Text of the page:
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Promoting Inclusive Markets and Financial Systems

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How can we engage with the private sector in market systems more effectively?

by on Dec 13, 2011  |  posted in Enterprise Development  |  1 Comment
At the 2011 SEEP Annual Conference’s “Market System Facilitators Engaging with Corporates” workshop, the three speakers—Alison Griffith of Practical Action, Stephanie Daniels of Sustainable Food Labs, and myself (CARE)—asked the audience these three questions: •         What capacity do you need in your organization to engage the private sector effectively? •         What risks do you see in private sector engagement and how can they be managed? [caption id="attachment_950" align="alignright" width="300" caption="UK supermarket ASDA stocks flowers from small-scale farmers in Kenya. | Sustainable Food Laboratory"][/caption] It is interesting to put the workshop into perspective with the plenary session that came before it, “Leveraging Private-Sector Incentives and Strategies for Development Outcomes.” While the plenary session gave us a very good overview of the potential of the private sector as a development actor in terms of outreach and income (mainly from the perspective of international agencies and donors), the workshop described the point of view of NGOs, pointing at the necessary elements to make things work in practice. It became clear in the workshop’s group discussions that while leveraging private sector resources and motivations can be a key element of success for market engagement initiatives, this approach is not a silver bullet. Other important elements need to be taken into account, as highlighted by the discussion: We need to take the entire system into account: Engaging with corporations does not necessarily work unless the whole market system is analysed and engaged. Engaging with corporations, especially in high-value export markets, presents risks for small producers, particularly in terms of food security. Mitigation strategies--for instance, promoting a mix of food crops and cash crops among smallholders--are necessary. Facilitators should:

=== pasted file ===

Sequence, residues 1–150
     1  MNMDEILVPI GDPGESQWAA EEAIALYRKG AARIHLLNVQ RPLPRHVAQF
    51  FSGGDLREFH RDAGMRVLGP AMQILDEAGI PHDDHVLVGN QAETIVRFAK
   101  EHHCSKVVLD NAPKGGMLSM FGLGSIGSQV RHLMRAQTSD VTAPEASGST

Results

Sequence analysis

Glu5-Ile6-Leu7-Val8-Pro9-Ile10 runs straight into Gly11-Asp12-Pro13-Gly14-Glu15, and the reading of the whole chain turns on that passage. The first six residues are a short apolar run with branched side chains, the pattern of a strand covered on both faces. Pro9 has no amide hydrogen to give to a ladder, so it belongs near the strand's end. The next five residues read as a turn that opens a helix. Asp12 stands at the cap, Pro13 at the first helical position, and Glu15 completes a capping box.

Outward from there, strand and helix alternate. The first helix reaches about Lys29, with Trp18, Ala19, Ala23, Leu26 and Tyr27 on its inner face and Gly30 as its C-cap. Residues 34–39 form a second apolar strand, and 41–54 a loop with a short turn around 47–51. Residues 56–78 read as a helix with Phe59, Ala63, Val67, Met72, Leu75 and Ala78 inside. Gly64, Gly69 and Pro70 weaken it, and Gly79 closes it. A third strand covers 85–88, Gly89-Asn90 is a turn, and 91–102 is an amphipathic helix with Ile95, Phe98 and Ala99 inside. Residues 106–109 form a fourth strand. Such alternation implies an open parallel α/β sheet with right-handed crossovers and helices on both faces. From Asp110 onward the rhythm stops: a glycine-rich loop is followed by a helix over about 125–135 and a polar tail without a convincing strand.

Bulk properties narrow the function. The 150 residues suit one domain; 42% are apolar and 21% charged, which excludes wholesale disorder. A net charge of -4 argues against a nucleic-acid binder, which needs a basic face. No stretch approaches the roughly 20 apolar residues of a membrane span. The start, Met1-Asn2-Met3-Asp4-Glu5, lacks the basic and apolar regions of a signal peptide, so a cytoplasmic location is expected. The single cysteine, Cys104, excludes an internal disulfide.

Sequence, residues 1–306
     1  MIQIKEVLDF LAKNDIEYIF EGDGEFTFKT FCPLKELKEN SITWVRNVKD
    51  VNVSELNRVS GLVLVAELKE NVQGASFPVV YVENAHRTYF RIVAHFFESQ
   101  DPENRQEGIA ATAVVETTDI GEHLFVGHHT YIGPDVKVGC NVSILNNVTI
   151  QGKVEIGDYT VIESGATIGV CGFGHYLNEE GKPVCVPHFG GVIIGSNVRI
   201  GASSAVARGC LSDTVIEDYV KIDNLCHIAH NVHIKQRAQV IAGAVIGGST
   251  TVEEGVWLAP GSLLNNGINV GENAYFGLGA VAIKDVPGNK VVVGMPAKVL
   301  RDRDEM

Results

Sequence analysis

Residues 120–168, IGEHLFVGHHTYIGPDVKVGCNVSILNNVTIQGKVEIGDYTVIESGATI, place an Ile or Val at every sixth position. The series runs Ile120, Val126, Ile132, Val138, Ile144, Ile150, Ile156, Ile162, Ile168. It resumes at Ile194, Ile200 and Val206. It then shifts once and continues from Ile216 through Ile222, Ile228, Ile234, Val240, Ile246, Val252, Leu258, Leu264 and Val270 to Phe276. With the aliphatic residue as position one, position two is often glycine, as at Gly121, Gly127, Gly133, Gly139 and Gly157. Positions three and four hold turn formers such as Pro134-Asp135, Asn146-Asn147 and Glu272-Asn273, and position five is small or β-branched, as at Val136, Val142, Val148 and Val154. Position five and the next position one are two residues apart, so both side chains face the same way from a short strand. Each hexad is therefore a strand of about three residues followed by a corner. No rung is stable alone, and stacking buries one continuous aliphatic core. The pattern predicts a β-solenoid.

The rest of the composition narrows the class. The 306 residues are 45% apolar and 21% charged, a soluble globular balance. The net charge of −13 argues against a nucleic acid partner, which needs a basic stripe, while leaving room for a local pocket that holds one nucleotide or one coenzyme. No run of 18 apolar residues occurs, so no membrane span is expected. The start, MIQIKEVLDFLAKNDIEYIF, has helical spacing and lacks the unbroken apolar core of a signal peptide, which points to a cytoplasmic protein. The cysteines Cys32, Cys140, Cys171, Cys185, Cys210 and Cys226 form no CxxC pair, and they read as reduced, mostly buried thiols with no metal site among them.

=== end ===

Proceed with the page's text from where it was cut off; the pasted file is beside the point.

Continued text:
-      Engineer relationships, rather than being part of the system

-      Build capacities in order to meet opportunities

-      Support smallholders to assess risks themselves.

The next generation of market facilitators will need blended skills. They must be able to speak both NGOs’ and corporations’ languages. In some cases this implies a cultural change as well. Timelines conflict: project cycles happen in the medium term, while commercial cycles occur in the short term. The reputational risk for NGOs to engage with some “not so responsible” corporations also remained between the lines of the discussion, and needs to be clearly addressed through a structured analysis. The role of the private sector in market systems became a sort of sub-track within market development during the conference, and the question of how to make these partnerships work effectively should constitute a key learning theme for the development community. Presentations from this workshop are available in PDF form here, under Enterprise and Market Development Systems Track.

1 Comment

BUYINZA J BOAZ says:
Feb 02, 2012

we are impressed by your work and wish to work with you.
our organisatio is http://www.faocug.org
God bless you.

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